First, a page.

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Screwing people over would be my guess. Pretty much everything in a needle or a pill bottle here will have a destructive effect on your health. Apparently, there's an exemption from lawsuits for pharmaceutical companies. This woman Karen Bartlett took some sulindac for a sore shoulder & her skin started to peel off until it resembled a third-degree burn. These flesh-eating side effects were not labeled as a risk & that was not seen as grounds for liability. The supreme court actually said that she had no legal grounds to sue.
Ultimately, I do think that simple malice is the reason behind a lot of medical things. People instantly connect situations to money, but sometimes the pay-off is not the point. If theses shots are free AND screw someone up, I guess it could be an investment (making the cause of whatever problems free, but now poeple have all kinds of treatments to pay for- maybe those treatments cause problems, in themselves). Maybe the impression of greed is just a smokescreen. Not entirely sure how that's supposed to be innocent, though.
Where are they free? I've seen that you can get them at the local pharmacy, but they're not free. I think a lot of people get them for free at work, but that's because the employer is paying for them, in the hope of reducing sick days.
On a side note, every time I've gotten a flu shot, I've gotten sicker than I've ever gotten with the actual flu.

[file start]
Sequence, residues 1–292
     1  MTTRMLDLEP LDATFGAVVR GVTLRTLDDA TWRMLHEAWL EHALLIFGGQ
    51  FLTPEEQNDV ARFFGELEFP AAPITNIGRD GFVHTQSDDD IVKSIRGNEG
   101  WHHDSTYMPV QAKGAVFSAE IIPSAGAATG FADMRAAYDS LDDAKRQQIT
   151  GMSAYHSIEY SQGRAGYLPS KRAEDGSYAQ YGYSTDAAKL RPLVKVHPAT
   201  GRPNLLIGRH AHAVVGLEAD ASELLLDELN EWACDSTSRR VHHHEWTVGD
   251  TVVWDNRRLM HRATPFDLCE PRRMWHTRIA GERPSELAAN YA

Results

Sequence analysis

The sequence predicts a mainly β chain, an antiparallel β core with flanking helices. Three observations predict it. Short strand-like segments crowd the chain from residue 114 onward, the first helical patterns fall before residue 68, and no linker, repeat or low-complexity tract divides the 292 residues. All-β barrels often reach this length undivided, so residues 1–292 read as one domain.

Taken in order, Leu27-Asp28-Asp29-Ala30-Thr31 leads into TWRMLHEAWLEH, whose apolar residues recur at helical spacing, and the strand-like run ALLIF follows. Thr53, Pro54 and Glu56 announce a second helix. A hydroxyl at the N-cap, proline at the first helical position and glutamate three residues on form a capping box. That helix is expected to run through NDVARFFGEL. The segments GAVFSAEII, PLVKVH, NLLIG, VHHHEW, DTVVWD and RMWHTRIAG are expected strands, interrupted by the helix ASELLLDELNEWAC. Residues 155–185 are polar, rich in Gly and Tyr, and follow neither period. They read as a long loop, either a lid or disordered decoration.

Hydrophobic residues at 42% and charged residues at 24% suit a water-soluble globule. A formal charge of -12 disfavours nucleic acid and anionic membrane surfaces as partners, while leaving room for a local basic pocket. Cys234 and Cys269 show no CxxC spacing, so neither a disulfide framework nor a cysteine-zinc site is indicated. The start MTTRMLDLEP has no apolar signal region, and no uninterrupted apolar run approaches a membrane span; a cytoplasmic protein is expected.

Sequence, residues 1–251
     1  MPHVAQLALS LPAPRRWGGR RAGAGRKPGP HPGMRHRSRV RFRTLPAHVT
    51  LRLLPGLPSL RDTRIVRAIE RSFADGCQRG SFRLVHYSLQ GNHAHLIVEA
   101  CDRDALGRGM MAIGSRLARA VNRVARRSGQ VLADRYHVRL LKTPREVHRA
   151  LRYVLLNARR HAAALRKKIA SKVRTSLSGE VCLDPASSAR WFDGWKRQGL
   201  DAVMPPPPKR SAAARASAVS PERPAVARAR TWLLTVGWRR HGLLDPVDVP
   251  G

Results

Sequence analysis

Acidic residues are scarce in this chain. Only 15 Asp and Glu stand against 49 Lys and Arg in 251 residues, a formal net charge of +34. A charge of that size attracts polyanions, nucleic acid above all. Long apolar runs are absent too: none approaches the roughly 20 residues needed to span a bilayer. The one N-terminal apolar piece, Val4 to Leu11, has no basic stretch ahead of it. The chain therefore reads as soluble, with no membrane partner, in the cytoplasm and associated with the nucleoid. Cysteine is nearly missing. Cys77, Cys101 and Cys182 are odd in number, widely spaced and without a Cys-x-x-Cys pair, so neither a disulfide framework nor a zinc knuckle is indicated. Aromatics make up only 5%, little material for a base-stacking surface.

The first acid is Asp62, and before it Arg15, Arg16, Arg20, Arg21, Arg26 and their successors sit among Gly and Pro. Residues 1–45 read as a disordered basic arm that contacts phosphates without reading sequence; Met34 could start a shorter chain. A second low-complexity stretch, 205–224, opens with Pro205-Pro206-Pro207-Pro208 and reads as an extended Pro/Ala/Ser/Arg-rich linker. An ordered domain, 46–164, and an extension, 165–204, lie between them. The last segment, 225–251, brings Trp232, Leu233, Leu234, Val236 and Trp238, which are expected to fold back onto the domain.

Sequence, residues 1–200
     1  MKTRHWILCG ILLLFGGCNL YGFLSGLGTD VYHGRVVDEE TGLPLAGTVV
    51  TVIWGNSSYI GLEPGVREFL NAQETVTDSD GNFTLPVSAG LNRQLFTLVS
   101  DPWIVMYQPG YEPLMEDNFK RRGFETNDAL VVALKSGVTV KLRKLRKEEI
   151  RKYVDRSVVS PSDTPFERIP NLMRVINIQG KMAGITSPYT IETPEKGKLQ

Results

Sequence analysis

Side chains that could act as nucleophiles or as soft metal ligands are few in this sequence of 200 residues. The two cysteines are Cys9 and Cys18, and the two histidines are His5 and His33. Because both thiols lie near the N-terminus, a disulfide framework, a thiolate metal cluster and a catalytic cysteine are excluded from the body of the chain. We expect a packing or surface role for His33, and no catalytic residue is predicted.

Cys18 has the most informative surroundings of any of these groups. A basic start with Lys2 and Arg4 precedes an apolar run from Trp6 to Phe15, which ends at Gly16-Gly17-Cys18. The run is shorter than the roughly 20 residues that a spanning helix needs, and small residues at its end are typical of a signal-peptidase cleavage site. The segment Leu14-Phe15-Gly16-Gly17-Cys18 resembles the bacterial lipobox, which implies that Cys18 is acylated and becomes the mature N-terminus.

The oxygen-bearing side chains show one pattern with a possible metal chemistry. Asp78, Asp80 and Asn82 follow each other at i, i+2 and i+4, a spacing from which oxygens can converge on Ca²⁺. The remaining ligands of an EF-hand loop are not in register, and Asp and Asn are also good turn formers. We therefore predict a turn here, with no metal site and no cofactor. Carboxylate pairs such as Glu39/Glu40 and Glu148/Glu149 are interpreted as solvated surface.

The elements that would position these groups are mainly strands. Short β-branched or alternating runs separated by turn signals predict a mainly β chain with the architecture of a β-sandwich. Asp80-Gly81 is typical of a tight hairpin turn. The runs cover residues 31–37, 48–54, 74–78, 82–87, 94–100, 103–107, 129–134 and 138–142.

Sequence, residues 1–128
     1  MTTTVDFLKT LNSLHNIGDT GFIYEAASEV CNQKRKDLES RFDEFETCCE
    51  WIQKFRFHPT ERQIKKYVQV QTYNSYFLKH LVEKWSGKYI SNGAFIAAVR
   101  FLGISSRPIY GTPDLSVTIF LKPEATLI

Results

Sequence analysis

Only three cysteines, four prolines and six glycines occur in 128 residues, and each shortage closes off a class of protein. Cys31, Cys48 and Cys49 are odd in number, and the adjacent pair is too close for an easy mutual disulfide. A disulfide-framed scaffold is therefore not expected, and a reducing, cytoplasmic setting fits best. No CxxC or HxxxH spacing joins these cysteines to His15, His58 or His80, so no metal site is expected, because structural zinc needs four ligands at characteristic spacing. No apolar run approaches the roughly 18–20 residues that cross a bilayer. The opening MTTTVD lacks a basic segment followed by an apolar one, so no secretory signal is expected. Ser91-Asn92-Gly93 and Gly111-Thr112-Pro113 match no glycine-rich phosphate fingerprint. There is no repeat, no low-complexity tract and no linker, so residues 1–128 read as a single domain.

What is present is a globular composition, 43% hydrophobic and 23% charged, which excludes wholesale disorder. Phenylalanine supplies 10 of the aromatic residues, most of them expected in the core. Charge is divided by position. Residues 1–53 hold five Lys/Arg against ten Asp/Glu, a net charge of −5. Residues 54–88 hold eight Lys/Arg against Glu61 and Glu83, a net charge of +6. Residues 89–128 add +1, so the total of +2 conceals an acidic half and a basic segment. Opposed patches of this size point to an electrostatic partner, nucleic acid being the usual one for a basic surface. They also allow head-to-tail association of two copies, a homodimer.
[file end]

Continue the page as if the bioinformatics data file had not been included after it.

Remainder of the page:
“b***y is so strong that there are dudes willing to blow themselves up for the highly unlikely possibility of b***y in another dimension." -- Joe Rogan
24.5 millionths of a gram of mercury won't give you mercury poisoning. Prove me wrong. Heavy metal poisoning requires much larger doses than that.
The reason they are free is because one admission for the flu costs insurance companies far more money than 1,000 doses of vaccine. It's simple math- if you provide vaccines for the people that are most likely to get admitted with the flu, you save money. The other side of it is pharmaceutical companies make money from selling the vaccine. There is virtually no money to be made from viral illness, so this lets them skim a bit of profit from an otherwise unprofitable disease. Insurance companies own medicine, so anything that saves them cash and beefs up margins takes first priority. Big pharma has its hands in everything, so their interests take second priority.
And don't even bring up swine flu. The most traumatic days I ever worked were the ones where I watched young, healthy people die as we could do nothing from that damn virus. Not a lot of people died, but the ones that did were mostly healthy. That is why it was a big deal. We had pregnant women and active young adults that died in less than 24 hours. Still the craziest thing I've ever seen. If it had become just slightly more virulent or slightly more potent, it could have been the sequel to the Spanish flu.